The Real World is not Multiple Choice - The real world is much harder than multiple choice. If someone cannot locate the correct answer from a field of five, it is difficult to argue that they can provide solutions in a situation where a list of answers is not supplied to them. Anyone who has the capability to understand real-world questions and come up with competent answers to them should find multiple choice tests on the same information to be a breeze.
Knowledge and Skill are not Synonyms - As noted last month, knowing SQL syntax does not guarantee that an individual can write complex SQL statements. The reverse, however, is not true. An individual who does not know SQL syntax is virtually guaranteed to be unable to write complex SQL statements. Not all certifications exams are linked to this degree. However most of the exams that I have taken that are geared towards entry-level individuals are built around core topics. It is difficult to imagine someone being able to perform the duties required by the associated job if they do not understand the tested information.
Where does that leave us?
I have seen several people over the years indicate that Oracle certification exams cover a lot of material that "they" have never used in the real world. In the cases where I have known the individuals making the statement, the back story is that they took the test cold because they expected their job experience to carry them. When they failed the exam, they blamed the exam rather than their lack of preparation.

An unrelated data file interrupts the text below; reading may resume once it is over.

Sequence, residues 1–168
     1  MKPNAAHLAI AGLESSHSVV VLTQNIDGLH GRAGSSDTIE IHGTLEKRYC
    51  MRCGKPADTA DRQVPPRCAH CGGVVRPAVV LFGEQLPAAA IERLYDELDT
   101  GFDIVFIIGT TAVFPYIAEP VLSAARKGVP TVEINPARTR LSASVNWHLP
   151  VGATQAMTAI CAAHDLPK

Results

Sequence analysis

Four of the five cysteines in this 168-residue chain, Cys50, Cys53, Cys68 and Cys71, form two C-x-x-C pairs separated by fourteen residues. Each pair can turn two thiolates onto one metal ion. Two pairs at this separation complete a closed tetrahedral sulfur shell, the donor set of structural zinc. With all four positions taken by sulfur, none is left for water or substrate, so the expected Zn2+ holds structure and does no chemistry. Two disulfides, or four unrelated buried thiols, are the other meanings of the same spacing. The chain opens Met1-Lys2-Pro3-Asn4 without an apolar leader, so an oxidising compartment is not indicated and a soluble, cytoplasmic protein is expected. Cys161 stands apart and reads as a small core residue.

Even if it could be argued, however, that a given exam contained information of little use in the real world (an assertion I generally disagree with), it would not be a valid excuse for failing it. Instead, it would be an indicator that passing the exam was less valuable than would be the case if 100 percent of the material was relevant.
While the arguments presented in these articles seem to imply that only failing scores are worth paying any attention to, that is not the message I want readers to take from this analysis. There is no form of standardized testing I am aware of that provides for absolute certainty when assessing results.
Students with high SAT scores do not always excel in college - nor does a low score guarantee someone will do poorly. I could make similar arguments about numerous other such tests. Exams provide at best an indicator of potential performance. It is more useful to have such an indicator than to have nothing at all, but unwise to trust it completely.
The real test of whether someone will make a good database administrator, developer, etc., is to put them in a position where they have to use their knowledge to perform a real-world task. When someone has passed a given Oracle certification exam, the topics of that exam provide a very clear picture of the knowledge they should possess. The topics list from the certification exam can be used as a template for designing such a task. If they are unable to demonstrate the ability to utilize that information, then it is a reasonable indicator that their test results are misleading.